In 1963, Chrysler released only 55 Turbine cars for short-term loans to the public in order to test the model’s performance and functionality. While the Turbine was revolutionary in its own right with a smooth turbine engine that could be powered by different fuel types, it was ultimately pulled from the assembly line.
All but 9 of the Turbines were destroyed, making this rare car even more of a prize sought after by auto collectors. Of those 9, Chrylser kept 2 and sent 5 others to museums, which left 2 for private owners. One is owned by talk show host and comedian Jay Leno.
The other Turbine in private hands was owned by Frank Kleptz, a car collector and historian, until his death in 2010. The Kleptz family held onto his extensive classic car collection for years but finally put the Turbine up for auction in March 2021 and it sold to an unknown owner for an unknown amount—which sounds just a bit mysterious, doesn’t it?
But now we know who the owner is.
The Kleptz Turbine was bought by the Stahl family of Chesterfield, Michigan and donated to the Stahls Automotive Foundation Museum. The museum restores and preserves vintage cars and car parts to put on display.
The history of Chrysler Turbine cars
Chrysler made only 55 Turbines as a sort of experiment in 1963. Their goal was to make a car with a simpler engine (using…yep, you guessed it: turbines) that could run on various types of fuel, not just gasoline. They actually succeeded in doing so, but unfortunately the idea didn’t stick because of bad emissions and terrible fuel economy.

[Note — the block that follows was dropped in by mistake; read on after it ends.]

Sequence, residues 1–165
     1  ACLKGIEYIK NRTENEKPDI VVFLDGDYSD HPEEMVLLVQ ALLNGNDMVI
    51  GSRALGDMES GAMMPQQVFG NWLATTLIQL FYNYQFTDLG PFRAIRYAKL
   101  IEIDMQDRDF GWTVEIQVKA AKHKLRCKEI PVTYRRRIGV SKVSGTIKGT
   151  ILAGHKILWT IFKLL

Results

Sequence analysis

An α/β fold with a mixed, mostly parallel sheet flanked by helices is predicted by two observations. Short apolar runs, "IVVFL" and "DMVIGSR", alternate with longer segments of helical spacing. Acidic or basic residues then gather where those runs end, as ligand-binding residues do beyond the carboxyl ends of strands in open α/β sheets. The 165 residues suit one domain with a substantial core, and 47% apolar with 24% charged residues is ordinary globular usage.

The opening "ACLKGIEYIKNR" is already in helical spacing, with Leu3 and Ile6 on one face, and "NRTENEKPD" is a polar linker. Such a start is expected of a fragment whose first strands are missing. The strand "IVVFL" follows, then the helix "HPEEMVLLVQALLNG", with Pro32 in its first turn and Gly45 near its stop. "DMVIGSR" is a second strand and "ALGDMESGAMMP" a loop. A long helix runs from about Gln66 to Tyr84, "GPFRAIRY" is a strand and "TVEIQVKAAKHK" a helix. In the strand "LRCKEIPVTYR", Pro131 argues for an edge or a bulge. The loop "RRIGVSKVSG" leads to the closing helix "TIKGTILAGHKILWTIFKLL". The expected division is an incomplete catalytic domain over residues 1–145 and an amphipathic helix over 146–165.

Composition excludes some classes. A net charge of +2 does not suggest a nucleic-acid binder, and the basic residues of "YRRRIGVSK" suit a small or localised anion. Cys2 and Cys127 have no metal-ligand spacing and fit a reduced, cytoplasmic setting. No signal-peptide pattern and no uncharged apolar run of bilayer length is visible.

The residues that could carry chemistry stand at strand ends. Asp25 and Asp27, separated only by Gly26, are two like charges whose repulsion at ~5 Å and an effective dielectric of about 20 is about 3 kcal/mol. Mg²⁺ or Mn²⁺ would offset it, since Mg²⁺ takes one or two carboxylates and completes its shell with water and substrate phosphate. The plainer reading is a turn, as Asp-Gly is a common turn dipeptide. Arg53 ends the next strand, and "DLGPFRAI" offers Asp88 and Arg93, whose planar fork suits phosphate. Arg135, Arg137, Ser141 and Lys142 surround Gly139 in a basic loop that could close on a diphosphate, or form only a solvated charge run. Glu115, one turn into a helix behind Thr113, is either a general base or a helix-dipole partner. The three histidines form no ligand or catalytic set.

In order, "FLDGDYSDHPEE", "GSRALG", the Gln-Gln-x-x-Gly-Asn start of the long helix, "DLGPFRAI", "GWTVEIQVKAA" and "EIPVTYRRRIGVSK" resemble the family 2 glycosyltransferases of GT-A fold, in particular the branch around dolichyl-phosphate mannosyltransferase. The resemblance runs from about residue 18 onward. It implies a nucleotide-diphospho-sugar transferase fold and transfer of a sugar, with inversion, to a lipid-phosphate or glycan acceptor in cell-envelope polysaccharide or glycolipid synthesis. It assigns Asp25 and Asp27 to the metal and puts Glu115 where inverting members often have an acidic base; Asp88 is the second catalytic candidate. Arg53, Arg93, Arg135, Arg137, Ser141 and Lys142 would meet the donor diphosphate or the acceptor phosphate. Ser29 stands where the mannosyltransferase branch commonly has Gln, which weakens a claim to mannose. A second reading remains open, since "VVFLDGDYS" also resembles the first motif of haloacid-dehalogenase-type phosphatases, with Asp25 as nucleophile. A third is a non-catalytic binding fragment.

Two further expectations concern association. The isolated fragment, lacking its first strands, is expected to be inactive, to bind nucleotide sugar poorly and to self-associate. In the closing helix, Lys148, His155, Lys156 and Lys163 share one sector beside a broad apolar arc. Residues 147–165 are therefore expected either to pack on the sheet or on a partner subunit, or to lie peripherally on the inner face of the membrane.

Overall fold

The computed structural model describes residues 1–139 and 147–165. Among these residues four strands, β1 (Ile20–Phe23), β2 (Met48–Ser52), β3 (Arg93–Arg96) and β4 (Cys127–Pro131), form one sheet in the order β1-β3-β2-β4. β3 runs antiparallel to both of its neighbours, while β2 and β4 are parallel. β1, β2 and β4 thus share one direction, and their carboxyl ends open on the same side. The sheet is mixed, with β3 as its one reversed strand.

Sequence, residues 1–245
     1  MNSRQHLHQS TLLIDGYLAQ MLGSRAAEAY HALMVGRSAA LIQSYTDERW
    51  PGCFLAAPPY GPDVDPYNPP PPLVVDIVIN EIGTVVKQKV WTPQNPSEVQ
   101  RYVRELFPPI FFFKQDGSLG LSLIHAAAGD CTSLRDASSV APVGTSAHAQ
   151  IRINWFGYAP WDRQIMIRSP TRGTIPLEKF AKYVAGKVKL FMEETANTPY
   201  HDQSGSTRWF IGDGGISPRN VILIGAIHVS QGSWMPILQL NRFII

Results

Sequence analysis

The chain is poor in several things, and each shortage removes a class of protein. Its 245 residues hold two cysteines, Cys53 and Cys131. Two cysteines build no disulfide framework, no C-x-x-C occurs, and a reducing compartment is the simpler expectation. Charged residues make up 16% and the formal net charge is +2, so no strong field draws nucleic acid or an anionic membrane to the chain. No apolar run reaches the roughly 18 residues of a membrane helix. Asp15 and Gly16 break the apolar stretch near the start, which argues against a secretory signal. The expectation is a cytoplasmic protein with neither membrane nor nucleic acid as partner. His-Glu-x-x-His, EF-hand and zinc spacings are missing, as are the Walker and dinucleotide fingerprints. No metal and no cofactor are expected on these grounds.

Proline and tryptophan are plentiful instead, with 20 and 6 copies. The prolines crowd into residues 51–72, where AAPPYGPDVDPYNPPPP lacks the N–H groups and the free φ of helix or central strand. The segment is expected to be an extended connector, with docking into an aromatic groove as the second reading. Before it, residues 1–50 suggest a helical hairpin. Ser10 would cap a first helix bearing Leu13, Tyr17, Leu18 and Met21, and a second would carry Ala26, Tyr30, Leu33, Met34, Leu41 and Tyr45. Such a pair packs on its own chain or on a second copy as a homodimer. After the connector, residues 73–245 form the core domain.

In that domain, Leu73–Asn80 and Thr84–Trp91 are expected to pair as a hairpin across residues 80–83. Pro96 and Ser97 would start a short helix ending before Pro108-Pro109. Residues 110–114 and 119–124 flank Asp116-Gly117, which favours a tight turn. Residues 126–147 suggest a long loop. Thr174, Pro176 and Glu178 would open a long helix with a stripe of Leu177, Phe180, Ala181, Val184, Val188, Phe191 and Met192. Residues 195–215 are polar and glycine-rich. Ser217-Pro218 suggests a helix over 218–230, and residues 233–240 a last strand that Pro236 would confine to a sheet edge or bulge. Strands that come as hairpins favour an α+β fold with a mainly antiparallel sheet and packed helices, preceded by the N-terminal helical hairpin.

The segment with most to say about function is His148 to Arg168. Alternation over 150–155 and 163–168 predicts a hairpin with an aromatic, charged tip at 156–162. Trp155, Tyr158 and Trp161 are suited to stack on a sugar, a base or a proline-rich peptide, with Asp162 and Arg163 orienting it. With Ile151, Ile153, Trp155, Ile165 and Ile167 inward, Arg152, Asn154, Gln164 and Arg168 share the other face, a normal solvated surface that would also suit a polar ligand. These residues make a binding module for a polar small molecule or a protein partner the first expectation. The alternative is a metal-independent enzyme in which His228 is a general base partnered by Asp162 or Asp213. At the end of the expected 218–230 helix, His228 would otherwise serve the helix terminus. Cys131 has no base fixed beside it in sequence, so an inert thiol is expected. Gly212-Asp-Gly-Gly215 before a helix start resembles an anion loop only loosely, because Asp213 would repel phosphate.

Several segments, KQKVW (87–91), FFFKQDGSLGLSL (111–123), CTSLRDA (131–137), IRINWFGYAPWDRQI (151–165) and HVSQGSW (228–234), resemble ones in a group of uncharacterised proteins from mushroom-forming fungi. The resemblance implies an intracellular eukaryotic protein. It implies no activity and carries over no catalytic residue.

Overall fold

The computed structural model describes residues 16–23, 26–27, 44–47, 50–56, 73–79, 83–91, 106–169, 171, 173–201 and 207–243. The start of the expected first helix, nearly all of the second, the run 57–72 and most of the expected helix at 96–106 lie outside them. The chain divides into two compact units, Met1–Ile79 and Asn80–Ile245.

In 1966, all but 9 of the Chrysler Turbine cars were set on fire and crushed—most of the remaining 9 were sent to museums, Chrysler kept 2 and 2 were sold to the public.
The idea for a turbine engine was actually a great idea overall (minus the nitrous oxide let off by the engine) because it was much more durable and a very smooth ride. Not only that, but a Chrysler Turbine engine could run on just about any type of fuel—unleaded gasoline, jet fuel, diesel fuel, kerosene and (supposedly) even alcohol.
During the 1960s, there was a lot of experimentation going on with alternative fuel and new technology in vehicles. All of the ideas were actually pretty brilliant (despite a lot of bad experimentation going on in the 60s), but they just weren’t quite sustainable.
When and where you can see this Chrysler Turbine
Interested in seeing this rare car in person?
You can visit the museum in Chesterfield, MI and see the Chrysler Turbine on Tuesdays from 1:00-4:00 p.m. The museum is free, but donations are welcome.
The owners are also planning to take the car out for demonstration drives every so often and bring it out for their summer cruise-in nights.